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How Reckless Boating Can Lead to a Homicide Charge in Georgia


Recreational boating is one of the most popular leisure activities here in Georgia. But it is important to remember that a boat, like any vehicle, must be operated in a safe manner. Georgia has “rules of the road” for boat traffic that are just as strict as those governing motor vehicles on the highway. And a person who recklessly violates those rules and causes a fatal boating accident may find themselves facing criminal charges of “homicide by vessel.”

Court of Appeals Upholds Conviction Following Fatal Boat Accident

Indeed, the Georgia Court of Appeals recently affirmed the conviction of a man convicted of second-degree homicide by vessel and several related charges arising from the death of a woman in 2019. On the day in question, the defendant and the victim visited Lake Allatoona. They took a jet ski out onto the lake. Although the lake was not especially busy, there was another group traveling in a rented ski boat.

The defendant and the victim launched their jet ski from a public boat ramp across from the local marina. There was then a collision between the defendant’s jet ski and the ski boat. The force of the collision ejected the defendant and the victim from the jet ski. Two witnesses pulled the victim out of the water. The defendant and another person then attempted to perform CPR. Unfortunately, the victim died from her injuries.

The Georgia Department of Natural Resources (DNR) conducted an investigation. The occupants of the boat told investigators that they did not see the defendant’s jet ski prior to the collision, and that the jet ski hit the starboard side of their boat. For his part, the defendant told investigators that he “never saw the boat, and didn’t know where it came from.”

The investigators ultimately concluded that both the defendant and the person driving the boat were responsible for violating Georgia’s rules of the road for boating. The District Attorney charged both men with second degree homicide by vessel. The jury, however, found the defendant guilty while acquitting his co-defendant. The trial court then sentenced the defendant to 12 months in prison, although he would only have to serve 30 days.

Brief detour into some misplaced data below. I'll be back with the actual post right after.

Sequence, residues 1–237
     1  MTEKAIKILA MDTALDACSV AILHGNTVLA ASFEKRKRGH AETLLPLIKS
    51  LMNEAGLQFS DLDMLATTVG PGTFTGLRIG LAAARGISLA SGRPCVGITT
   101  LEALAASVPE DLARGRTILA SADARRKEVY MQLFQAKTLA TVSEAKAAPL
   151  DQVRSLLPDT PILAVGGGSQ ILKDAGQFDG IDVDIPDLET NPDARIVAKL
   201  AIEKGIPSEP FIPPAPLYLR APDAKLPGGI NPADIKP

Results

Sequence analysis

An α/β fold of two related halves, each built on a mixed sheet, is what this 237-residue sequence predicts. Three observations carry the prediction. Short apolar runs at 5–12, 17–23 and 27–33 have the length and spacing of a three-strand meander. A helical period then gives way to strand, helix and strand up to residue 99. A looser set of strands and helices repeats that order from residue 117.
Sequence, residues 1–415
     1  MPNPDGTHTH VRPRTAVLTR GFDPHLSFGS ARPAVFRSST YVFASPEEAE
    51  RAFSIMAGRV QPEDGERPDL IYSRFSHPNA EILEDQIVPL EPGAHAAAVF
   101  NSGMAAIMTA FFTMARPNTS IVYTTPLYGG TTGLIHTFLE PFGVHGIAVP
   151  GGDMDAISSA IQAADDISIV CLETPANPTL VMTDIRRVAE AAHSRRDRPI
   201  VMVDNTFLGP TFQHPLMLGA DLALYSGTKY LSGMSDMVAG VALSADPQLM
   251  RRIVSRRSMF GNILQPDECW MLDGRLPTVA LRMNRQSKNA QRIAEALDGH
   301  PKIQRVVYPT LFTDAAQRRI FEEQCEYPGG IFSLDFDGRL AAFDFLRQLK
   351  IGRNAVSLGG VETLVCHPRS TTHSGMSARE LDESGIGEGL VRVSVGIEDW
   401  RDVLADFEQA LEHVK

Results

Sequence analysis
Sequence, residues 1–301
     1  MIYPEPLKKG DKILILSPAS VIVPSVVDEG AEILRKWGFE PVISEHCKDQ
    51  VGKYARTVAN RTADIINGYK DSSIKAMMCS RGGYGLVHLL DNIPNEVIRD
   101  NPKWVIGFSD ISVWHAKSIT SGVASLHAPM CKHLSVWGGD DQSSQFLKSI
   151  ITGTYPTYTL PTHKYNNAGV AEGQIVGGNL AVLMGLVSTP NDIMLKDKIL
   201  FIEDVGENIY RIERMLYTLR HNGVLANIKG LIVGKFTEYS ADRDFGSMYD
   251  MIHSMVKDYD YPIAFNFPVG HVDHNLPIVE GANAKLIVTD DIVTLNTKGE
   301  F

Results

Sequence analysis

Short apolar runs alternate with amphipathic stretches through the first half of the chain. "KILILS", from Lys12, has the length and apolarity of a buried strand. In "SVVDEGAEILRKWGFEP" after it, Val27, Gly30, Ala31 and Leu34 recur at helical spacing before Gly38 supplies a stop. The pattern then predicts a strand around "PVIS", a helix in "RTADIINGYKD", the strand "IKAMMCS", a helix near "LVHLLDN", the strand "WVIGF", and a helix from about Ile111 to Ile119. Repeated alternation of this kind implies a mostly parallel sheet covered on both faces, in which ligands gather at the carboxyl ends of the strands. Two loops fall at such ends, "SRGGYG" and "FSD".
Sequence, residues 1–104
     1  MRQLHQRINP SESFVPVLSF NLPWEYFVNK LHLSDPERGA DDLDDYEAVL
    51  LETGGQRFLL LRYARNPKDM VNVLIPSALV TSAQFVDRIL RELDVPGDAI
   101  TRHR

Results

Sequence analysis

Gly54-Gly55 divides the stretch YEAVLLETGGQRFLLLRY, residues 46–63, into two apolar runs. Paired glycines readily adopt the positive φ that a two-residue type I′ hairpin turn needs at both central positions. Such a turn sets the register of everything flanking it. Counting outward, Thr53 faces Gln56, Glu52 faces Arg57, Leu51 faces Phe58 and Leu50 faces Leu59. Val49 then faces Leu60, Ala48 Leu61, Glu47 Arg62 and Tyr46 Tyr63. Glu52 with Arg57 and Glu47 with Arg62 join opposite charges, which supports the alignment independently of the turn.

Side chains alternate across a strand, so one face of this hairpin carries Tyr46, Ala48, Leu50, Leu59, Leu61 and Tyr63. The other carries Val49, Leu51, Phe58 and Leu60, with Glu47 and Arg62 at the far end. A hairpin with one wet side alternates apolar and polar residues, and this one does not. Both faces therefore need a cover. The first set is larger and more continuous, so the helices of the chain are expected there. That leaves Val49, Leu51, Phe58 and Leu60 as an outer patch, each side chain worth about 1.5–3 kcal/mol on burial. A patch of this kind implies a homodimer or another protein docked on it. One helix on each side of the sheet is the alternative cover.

Contact Hawkins Spizman Trial Lawyers Today

Homicide by vessel can be charged as either a felony or a misdemeanor in Georgia. The case above was a misdemeanor second-degree prosecution, which meant the defendant could not be sentenced to more than 12 months in jail. Had this been a felony first-degree case, the trial court could have sent the defendant to prison for a term of between 3 and 15 years.

If you are facing any criminal charges following an accident, it is crucial that you seek out timely legal advice from a qualified Atlanta criminal defense attorney. In fact, you should never give any voluntary statement to law enforcement or another state agency without first speaking to counsel. Call Hawkins Spizman Trial Lawyers today to schedule a free consultation. We serve clients throughout Georgia including Atlanta, Dunwoody, Alpharetta, Cobb County, Fulton County, Gwinnett County, Johns Creek and Sandy Springs.



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